White spots during secondary.

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stush92

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Hi all,

I am brewing a "Brewers Best" Kolsch and I am currently in the secondary phase with it in the carboy. After 1-2 after transfering to the carboy I have notice several white cloudy spots at the top of the beer. I have attached a picture and after doing some research some suggest yeast formating and some say it can be mold. I am using a chiller bag with frozen bottles and I am fairly confident I have kept it between 60-64 degrees.

Any thoughts on the white spots?
beer pic.jpg
 

hotbeer

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Wait and see what it tastes like after it's finished fermenting, bottled and conditioned.

I be more worried about the hair floating in the beer. Might need to wear a hair net. Or is that on the outside of the jug?
 
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stush92

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Haha, I spotted the hair after I took the picture, and luckily it was on the outside!
 

hotbeer

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Seriously I wouldn't worry about it. Most of the stuff that makes a beer infected or grow weird stuff won't hurt you. It'll just taste bad.

There isn't much that can be done for it at this point even if it was something. So just wait and see.

If by bottling time you have something growing everywhere in, on and above, then get us another pic to look at.
 

khannon

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Hard to say for sure, but that looks like bubbles. There is probably CO2 in suspension at end of primary.. could be a handy nucleation point(s) in secondary vessel. Does not look like mold or infection, take a taste before bottling/kegging and keep an eye on it. If they grow or have "fuzz", consider that bad(unless this is a sour..).
 

jtratcliff

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Aw... man... looks totally ruined... Once it ferments out, bottle it up and send me a sixer for inspection... I'll give my detailed, professional* opinion on what went wrong... Sorry for your loss...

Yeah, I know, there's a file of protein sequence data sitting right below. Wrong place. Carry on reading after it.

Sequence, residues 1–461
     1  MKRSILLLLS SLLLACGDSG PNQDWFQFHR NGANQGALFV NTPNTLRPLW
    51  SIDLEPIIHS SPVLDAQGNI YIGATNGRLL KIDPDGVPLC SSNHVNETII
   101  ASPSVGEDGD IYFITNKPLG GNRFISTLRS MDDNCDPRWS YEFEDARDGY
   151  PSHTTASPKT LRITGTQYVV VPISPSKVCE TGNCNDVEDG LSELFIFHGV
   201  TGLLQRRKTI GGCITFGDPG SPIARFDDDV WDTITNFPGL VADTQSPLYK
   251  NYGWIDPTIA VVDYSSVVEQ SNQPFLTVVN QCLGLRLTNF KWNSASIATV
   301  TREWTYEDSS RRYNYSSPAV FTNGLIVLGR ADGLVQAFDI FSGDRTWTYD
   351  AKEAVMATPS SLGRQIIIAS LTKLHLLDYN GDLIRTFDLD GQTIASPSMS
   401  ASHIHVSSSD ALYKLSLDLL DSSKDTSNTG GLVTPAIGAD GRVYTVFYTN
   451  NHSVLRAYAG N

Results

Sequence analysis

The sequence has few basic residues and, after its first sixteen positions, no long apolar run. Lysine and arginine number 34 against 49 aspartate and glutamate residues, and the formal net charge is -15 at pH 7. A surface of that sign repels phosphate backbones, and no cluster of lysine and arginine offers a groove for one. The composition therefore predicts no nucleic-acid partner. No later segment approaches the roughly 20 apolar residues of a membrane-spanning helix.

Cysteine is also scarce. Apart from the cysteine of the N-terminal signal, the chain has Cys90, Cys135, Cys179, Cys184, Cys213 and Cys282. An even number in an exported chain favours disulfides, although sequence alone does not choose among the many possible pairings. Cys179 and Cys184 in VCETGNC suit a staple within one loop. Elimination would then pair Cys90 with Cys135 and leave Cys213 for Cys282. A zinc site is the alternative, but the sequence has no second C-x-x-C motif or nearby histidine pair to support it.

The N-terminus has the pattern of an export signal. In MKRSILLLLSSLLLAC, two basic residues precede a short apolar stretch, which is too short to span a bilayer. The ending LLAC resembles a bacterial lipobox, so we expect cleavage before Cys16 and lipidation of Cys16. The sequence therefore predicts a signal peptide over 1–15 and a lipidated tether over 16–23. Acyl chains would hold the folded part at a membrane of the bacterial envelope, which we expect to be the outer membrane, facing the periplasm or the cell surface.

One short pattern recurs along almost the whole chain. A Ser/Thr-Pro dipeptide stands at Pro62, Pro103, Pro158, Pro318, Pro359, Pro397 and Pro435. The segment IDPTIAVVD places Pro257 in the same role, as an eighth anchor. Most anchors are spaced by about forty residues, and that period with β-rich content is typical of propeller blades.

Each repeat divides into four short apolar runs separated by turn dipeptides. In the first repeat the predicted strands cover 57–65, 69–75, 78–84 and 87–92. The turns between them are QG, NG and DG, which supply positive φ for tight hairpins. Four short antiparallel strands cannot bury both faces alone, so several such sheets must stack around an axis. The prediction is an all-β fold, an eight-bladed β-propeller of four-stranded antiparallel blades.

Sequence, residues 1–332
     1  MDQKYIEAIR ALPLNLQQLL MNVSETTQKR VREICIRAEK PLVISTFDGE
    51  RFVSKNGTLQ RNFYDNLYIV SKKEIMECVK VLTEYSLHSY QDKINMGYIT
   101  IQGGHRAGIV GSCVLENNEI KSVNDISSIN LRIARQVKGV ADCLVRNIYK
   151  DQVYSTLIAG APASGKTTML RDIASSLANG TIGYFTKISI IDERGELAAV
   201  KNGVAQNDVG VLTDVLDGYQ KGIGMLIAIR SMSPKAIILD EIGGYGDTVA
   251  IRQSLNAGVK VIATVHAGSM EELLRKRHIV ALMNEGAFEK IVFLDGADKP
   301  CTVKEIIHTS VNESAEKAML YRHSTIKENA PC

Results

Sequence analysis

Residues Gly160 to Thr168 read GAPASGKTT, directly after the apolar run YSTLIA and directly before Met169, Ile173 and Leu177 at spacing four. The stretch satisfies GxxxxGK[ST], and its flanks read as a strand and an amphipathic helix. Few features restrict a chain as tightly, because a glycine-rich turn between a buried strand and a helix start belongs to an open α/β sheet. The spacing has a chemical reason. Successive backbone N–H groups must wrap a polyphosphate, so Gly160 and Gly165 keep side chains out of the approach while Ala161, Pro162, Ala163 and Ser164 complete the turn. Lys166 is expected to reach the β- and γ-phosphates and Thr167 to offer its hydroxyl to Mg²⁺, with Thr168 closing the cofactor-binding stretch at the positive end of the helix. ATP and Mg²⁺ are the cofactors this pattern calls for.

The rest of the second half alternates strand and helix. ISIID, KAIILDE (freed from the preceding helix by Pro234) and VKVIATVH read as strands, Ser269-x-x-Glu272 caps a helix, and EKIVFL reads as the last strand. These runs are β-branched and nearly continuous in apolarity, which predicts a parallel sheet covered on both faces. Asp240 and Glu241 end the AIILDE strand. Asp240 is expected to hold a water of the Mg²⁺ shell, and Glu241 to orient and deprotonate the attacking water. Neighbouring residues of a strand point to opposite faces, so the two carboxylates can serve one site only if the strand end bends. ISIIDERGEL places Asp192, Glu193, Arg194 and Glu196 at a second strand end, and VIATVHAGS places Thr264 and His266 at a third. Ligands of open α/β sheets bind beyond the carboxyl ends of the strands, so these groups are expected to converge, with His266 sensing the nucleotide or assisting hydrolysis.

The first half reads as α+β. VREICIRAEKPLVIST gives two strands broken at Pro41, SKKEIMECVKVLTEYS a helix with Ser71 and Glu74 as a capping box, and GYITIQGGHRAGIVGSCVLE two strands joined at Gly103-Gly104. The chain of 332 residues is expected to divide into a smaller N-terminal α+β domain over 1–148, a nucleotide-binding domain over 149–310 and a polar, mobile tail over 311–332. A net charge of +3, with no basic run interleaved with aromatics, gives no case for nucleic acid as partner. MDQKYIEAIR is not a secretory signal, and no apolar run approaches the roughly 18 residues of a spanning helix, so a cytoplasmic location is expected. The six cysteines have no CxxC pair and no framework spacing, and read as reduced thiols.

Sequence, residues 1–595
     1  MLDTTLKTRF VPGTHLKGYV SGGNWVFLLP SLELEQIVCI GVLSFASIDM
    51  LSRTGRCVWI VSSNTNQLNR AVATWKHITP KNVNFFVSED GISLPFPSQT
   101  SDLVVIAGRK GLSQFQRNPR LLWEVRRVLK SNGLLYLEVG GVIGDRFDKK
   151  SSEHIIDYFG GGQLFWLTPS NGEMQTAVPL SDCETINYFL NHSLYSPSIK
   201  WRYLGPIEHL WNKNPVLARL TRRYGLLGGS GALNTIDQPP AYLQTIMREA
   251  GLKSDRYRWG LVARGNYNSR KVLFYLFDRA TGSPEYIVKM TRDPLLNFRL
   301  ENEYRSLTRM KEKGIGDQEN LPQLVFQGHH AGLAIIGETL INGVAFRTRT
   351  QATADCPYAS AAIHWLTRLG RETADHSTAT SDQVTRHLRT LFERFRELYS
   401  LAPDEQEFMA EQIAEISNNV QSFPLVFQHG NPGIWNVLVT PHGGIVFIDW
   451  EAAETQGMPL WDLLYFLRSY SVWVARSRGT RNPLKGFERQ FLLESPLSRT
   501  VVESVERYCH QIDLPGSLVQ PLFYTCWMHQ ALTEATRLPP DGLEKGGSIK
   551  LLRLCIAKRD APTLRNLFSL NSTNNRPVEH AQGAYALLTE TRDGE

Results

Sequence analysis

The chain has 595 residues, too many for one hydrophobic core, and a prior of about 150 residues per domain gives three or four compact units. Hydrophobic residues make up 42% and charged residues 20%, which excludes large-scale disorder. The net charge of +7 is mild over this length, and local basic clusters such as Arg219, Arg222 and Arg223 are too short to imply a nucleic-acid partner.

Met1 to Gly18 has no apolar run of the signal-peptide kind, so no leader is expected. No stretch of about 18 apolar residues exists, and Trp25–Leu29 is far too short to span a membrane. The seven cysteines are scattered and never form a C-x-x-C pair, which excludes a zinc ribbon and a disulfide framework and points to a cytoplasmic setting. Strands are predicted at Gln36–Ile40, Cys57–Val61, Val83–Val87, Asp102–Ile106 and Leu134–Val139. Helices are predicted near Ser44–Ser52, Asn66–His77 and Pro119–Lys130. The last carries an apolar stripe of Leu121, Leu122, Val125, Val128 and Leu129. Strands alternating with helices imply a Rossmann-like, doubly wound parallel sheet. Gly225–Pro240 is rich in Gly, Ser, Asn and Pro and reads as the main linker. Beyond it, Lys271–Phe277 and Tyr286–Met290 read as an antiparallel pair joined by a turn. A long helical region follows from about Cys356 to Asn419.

* difficulty... not a professional...


:ghostly: :bigmug:
 

RM-MN

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Aw... man... looks totally ruined... Once it ferments out, bottle it up and send me a sixer for inspection... I'll give my detailed, professional* opinion on what went wrong... Sorry for your loss...


* difficulty... not a professional...


:ghostly: :bigmug:

It appears that the main difference between an accomplished amateur and a professional is that the professional gets paid so maybe if you charged a bit..... :yes:
 

cactusgarrett

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And as usual the tip, don't do secondaries in the future. It's unnecessary and potentially harms the beer.
To expand on this for people who might be wondering. There are usually only a few reasons to utilize a secondary vessel, those mainly being:
  • Extended (>6M) storage. Getting the beer off the yeast for long-term storage helps prevent off-flavors resulting from autolysis.
  • Needing to free up a specific fermentation vessel
  • Use of significant amounts of fruit. Clarification of the beer is needed.
When people say that it's unnecessary or could harm your beer, they mean that all things being equal, and for no other benefit, transferring to a secondary vessel only introduces potential for oxidation and infection/contamination. Even if your processes (cleaning, oxygen prevention, etc.) are on point, Slight Potential > No Potential.
 

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